More than sixty million Americans have no FICO score at all because credit bureaus use data they cannot provide. And if you don’t have a credit score, it can be very hard to get a loan, rent an apartment, or convince an employer to hire you.
Driving home on Tuesday, I heard an interview on NPR with Lisa Servon, a professor of city and regional planning at the University of Pennsylvania. She was talking about her book and I was so impressed and intrigued that I stopped at Barnes & Noble to inquire if they had it. Ten copies had arrived that day and had not made it out to the Sociology section yet. One was brought to me from the storeroom.
If you only read one book this year, it should be this one. Most of us truly have no idea of how banking has changed since many of us opened our first bank accounts. Servon talks about how the industry as changed since she opened a pass book savings account in her hometown as a child in 1971:
“Banks like Pulaski still exist but have dwindled in number: very small banks (those with less than $100 million in assets) decreased by 85 percent between 1985 and 2013, while the number of very large banks (those with more than $10 billion in assets) nearly tripled. Local banking is now the exception rather than the norm . . .”
Servon had been doing research on consumer financial services when John Coleman, President of RiteCheck, was brought to one of her classes by Joy Cousminer, founder of Bethex Federal Credit Union. What she believed she knew about check cashing services and payday lenders was turned on its head by Coleman’s description of the community he served in the South Bronx and Harlem and why those services are needed. RiteCheck was founded in 1949 by his father-in-law Howard Stein, who at 92, still comes into work three days a week.
As Sevron describes it in her acknowledgements, “This book began with a question that turned into a quest. And, like all good quests, this one involved a journey, a series of vexing obstacles, a few riddles, and a terrific group of trusty sidekicks and wise elders.”
Understanding that quantitative data wasn’t telling the whole story of how the “unbanked” and “underbanked” used these “alternative financial resources,” she asked John Coleman if she could work as a teller for several months at RiteCheck to gather more qualitative data. Her research working at a branch location in the largely Latino community of Mott Haven relied on her co-workers’ deep understanding of the community and their long term relationships with their customers.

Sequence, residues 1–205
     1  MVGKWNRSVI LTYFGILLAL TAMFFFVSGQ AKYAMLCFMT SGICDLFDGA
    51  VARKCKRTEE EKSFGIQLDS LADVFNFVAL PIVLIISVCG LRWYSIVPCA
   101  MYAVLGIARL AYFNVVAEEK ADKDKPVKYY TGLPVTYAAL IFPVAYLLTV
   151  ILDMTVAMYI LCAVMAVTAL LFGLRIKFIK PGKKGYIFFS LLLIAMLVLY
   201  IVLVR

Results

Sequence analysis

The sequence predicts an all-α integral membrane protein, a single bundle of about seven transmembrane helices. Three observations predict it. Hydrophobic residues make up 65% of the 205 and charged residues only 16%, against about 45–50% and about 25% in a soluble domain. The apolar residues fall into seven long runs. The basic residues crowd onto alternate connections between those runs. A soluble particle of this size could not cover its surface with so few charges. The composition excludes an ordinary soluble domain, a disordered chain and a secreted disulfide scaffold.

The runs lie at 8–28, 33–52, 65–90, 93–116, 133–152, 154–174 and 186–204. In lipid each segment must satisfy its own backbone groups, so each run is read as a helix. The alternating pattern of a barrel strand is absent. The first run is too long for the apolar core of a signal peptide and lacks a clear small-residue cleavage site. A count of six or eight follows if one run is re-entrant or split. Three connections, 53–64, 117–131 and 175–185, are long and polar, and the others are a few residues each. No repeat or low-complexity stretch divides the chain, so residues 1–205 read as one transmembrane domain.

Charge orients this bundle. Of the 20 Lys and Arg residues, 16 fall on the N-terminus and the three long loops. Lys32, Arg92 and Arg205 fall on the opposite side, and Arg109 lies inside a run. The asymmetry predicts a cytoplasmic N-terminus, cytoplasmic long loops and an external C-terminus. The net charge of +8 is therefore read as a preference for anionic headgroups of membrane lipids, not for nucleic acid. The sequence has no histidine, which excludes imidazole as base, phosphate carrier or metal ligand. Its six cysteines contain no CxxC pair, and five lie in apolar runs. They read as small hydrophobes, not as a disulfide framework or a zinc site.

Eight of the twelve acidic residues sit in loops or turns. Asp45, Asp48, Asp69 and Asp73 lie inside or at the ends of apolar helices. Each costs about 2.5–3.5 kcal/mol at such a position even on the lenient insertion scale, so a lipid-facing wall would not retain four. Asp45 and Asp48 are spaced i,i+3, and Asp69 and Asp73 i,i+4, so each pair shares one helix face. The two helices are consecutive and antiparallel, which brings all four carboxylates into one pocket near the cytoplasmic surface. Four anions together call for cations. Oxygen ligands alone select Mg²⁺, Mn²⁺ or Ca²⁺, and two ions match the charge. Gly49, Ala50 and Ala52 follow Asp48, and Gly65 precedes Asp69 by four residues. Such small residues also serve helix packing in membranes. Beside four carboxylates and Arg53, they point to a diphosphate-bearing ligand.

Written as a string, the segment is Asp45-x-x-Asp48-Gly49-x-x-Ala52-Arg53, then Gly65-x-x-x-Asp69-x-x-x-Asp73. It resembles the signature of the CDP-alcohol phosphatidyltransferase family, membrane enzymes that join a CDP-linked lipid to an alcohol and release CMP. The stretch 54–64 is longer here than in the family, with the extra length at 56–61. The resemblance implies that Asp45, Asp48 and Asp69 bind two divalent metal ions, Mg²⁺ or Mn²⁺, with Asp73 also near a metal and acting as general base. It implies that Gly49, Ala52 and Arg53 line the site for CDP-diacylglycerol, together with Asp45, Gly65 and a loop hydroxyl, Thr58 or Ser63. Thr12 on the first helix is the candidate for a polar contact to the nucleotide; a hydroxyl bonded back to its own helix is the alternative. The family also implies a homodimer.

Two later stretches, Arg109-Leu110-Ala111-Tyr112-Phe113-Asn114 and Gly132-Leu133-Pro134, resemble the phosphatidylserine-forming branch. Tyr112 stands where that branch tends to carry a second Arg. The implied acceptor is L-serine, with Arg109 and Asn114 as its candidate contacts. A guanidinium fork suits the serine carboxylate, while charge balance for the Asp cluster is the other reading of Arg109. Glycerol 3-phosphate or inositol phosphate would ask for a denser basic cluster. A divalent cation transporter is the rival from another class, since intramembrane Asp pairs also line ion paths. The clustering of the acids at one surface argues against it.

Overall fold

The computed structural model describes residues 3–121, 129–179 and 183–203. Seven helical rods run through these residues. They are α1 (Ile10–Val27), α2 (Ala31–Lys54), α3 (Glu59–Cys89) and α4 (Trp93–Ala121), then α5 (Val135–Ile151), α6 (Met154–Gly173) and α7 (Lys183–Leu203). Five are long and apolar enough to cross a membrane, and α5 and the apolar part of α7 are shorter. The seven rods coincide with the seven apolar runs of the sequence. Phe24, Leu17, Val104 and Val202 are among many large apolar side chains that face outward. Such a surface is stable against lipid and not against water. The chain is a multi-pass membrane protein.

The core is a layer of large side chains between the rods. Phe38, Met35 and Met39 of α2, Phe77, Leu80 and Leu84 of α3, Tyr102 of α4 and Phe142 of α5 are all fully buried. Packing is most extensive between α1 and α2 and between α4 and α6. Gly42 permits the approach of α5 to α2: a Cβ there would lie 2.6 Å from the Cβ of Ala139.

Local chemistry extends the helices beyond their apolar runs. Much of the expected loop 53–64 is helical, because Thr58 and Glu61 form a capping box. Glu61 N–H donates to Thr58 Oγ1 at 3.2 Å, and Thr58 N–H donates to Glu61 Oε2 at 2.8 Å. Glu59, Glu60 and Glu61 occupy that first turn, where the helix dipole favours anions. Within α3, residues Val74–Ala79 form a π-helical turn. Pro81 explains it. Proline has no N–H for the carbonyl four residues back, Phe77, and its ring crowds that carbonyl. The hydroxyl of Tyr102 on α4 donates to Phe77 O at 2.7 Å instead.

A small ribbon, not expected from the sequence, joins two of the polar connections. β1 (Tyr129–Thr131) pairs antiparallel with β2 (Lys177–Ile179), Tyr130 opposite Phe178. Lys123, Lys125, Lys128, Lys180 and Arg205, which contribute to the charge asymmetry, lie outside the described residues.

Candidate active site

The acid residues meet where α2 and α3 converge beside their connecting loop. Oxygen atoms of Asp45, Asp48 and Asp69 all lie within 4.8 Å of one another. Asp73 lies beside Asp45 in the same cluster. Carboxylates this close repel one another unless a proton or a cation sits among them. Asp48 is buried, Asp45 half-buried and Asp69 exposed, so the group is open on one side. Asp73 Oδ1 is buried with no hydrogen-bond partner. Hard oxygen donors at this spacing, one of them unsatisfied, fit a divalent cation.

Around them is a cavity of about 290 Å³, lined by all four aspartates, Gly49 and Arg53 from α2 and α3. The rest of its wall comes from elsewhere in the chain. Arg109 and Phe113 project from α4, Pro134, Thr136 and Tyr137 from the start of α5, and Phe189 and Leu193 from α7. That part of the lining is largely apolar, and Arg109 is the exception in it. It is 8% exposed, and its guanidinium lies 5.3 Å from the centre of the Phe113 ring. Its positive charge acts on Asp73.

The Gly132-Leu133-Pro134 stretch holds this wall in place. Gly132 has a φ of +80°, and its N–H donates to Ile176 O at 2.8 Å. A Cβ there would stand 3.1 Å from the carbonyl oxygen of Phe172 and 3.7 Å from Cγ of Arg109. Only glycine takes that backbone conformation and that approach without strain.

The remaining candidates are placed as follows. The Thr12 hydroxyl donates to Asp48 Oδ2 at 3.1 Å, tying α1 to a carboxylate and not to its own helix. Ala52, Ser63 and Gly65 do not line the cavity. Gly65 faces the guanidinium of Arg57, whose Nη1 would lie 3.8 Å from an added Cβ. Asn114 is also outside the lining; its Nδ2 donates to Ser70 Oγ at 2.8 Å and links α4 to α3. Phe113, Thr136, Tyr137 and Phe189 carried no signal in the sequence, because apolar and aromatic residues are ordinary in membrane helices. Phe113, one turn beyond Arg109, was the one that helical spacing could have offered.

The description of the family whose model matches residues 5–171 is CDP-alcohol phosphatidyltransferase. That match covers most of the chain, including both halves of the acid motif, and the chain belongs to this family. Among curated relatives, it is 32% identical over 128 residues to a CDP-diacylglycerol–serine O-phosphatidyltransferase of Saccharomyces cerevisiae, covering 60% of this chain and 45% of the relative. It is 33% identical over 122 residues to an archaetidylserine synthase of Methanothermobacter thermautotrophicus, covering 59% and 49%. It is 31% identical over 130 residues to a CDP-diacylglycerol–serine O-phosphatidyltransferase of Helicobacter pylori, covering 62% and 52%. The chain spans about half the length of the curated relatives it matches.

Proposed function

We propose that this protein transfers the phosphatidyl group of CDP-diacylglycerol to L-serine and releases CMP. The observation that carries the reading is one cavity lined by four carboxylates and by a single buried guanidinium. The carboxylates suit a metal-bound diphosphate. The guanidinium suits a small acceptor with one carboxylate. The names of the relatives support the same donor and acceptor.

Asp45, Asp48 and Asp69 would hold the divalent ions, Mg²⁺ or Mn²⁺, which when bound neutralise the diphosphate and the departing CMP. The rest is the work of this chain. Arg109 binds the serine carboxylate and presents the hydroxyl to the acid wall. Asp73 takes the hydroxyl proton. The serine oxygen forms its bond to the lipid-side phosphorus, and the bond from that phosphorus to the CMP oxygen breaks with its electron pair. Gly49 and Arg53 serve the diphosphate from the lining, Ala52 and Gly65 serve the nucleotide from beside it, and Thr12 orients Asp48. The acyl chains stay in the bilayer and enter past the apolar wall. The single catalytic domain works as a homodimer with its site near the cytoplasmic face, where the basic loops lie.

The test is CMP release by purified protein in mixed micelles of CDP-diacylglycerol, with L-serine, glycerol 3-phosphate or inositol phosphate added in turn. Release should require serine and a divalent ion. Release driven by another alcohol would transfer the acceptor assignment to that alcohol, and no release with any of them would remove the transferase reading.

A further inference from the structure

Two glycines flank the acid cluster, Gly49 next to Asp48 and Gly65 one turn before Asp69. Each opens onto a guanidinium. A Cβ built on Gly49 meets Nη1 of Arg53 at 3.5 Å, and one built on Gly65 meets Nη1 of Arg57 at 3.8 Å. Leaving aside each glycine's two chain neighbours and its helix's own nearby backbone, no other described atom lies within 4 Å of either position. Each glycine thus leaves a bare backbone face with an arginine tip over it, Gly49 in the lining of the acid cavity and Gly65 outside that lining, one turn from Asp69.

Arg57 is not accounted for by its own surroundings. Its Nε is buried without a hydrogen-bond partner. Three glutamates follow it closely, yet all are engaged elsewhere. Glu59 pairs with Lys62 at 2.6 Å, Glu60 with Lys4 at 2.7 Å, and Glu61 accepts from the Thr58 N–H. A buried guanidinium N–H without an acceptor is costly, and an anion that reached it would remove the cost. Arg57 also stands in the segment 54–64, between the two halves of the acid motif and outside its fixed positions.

Following her work at RiteCheck, Coleman introduced her to Rob Zweig of Check Center in Oakland, CA, a payday lender. (Ritecheck does not make payday loans because they are illegal in New York.) Servon worked there for a short period of time followed by a month answering the Predatory Loan Help Hotline for the Virginia Poverty Law Center based in Richmond, VA.
“. . .unlike the debt collection work I did at Check Center, my time as a hotline operator was enormously satisfying. Much of the time, I could actually do something to help people. Callers were exceedingly grateful. But it was terrifically frustrating when I had no good news, no easy answers. Getting that close to the hopelessness of a person’s situation changed me.”
This book does a great deal to put a human face on what it means to try and make ends meet in this country, today, in 2017. Her chapter about Millennials is entitled “Living in the Minus.”
“I was surprised to learn how many millennials had used alternative financial services like payday lenders, check cashers, prepaid debit cards, and pawnshops. Like the ‘new nonprime’ folks who have relatively high incomes and own their homes, my millennial interviewees don’t fit the stereotype of the alternative financial services user.”
The strength of the book is in the storytelling. Yes, there is excellent quantitative and qualitative research and analysis. The statistics are arresting, the history of bank regulation is an eye-opener, and her interviews with FinTech entrepreneurs is fascinating. But it’s the conversations with her co-workers, with the people she meets along the way in researching and writing this book that strike a chord.
How is it okay for an entire industry to leave so many people with so few options? When did it become about profits over people? What was the banking industry designed to do and who is it designed to serve?
“A recent study conducted by the Center for Financial Services Innovation found that 57 percent of Americans – 138 million people – are struggling financially, more than double the number of adults the FDIC categorized as unbanked or underbanked in its most recent survey.”
Servon does a masterful job in shining a light on this incredibly important subject. It’s a bonus that the book is so well written. At less than 200 pages, it’s easy to dive in and get to the other side. I highly recommend it!